First, the good news. As a result of frequent applications of the Stare of Life, several of the plants on the winter death watch have broken dormancy. Specifically: both my two year old fringe trees (Chionanthus virginicus), the bluebeard (Caryopteris x clandonensis ‘Longwood Blue’}, the ‘Blue Adonis’ compact butterflybush (Buddleia), and the ‘Conca D’Or’ orienpet lilies. Though only three of the five lilies I planted are up so far – but hey, I’m not going to complain.
Still dead: the flowering dogwood (Cornus florida) and the three serviceberries (Amelanchier x grandiflora ‘Autumn Brilliance’).
All this goes to show that patience is an essential virtue for gardeners. A virtue I do not have, but an essential one nonetheless. Or, as an old colleague used to regularly tell me: never panic. It also shows the essential perversity of certain gardeners (OK, I mean me), because I now am suffering from just the slightest twinge of disappointment because I will be unable to buy replacements for the plants that were actually not killed by the severe winter. Some of us can just never be satisfied.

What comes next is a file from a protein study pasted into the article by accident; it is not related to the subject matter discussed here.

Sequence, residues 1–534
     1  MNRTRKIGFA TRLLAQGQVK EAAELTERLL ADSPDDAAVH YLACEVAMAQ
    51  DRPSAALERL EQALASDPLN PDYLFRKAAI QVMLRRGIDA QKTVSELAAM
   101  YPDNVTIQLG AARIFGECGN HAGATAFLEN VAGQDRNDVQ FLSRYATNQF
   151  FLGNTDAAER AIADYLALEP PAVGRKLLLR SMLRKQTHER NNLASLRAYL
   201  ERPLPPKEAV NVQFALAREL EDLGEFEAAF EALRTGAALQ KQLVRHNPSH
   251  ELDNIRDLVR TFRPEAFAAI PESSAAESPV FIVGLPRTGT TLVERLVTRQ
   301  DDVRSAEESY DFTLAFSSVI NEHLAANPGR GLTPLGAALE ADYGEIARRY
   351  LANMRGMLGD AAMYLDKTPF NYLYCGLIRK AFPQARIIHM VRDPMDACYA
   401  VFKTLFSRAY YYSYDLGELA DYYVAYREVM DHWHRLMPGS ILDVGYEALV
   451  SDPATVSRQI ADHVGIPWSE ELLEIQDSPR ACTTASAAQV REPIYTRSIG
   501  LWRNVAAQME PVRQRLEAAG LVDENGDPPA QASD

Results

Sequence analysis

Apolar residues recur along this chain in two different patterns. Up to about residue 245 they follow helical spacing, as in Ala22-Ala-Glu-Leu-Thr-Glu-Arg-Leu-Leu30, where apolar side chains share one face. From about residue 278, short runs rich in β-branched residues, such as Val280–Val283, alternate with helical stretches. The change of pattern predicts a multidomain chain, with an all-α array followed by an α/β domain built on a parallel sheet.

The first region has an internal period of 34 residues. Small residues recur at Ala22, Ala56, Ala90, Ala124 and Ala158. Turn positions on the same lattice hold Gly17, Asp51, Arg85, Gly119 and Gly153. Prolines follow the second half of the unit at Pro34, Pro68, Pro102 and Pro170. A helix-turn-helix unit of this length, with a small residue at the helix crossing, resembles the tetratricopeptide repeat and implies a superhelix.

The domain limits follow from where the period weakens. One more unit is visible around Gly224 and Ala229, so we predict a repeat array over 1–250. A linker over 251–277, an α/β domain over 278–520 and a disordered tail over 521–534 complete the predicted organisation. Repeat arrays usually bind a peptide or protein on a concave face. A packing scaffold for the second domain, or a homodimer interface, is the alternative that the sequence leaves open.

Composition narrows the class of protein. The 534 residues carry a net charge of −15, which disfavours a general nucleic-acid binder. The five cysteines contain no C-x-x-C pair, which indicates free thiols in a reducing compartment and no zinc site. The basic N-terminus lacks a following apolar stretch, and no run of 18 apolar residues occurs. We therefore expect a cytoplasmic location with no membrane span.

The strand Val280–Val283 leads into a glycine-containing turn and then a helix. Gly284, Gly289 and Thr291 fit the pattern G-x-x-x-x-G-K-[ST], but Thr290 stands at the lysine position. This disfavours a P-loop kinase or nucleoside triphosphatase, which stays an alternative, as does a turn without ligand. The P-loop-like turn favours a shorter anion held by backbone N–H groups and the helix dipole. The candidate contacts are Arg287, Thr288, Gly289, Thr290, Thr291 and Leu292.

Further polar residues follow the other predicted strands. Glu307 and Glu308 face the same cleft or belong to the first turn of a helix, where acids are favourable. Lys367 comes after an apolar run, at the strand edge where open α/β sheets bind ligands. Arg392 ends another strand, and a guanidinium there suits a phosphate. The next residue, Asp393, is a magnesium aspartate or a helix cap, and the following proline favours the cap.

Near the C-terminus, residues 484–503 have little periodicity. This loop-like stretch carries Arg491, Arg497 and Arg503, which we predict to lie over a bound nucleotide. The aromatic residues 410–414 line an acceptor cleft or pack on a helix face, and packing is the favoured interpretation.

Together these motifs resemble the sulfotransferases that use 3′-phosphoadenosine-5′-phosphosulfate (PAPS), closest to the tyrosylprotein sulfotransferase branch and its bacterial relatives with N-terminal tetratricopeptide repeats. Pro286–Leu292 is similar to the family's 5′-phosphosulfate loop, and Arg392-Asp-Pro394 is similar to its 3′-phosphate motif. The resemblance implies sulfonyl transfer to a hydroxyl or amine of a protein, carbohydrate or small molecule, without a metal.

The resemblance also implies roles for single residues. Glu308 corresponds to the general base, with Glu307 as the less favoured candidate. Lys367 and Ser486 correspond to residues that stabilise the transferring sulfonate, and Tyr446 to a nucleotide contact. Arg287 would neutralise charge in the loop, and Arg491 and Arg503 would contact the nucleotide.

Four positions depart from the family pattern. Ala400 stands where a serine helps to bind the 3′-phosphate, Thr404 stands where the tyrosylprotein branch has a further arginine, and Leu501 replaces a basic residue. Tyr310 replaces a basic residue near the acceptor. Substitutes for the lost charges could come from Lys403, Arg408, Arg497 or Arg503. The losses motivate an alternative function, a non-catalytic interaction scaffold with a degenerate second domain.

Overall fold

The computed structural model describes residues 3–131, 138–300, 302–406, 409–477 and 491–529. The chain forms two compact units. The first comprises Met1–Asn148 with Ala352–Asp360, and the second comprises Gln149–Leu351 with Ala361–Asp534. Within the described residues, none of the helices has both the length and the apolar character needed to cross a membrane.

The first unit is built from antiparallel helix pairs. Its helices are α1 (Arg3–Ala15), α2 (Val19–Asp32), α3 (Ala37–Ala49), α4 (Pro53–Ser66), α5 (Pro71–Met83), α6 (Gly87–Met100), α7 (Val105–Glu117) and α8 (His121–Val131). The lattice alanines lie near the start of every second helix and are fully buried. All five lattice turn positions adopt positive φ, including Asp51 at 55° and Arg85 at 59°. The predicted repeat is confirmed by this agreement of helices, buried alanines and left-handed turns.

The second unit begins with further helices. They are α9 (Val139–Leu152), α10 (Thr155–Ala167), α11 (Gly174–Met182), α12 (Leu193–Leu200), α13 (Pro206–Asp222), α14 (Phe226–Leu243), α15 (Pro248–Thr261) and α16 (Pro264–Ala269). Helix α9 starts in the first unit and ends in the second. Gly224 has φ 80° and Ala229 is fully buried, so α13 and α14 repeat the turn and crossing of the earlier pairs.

Now, the bad news. This is a terrible time to leave the garden, but I must leave early tomorrow morning and not return until Friday. This means that some plants could easily reach and then pass their peak while I am away. For example, I returned home today to find the blooms of peony ‘America’ opening. By Friday they could easily be done, especially if we have some warm, stormy weather. The same thing could happen with my ‘World Expressions’ tulips. And I will most likely to be gone for almost all of the remainder of May.
It’s a hard life.
Do you have to abandon your garden at crucial moments, and if so, how do you handle it? And do you have plants coming back from the dead?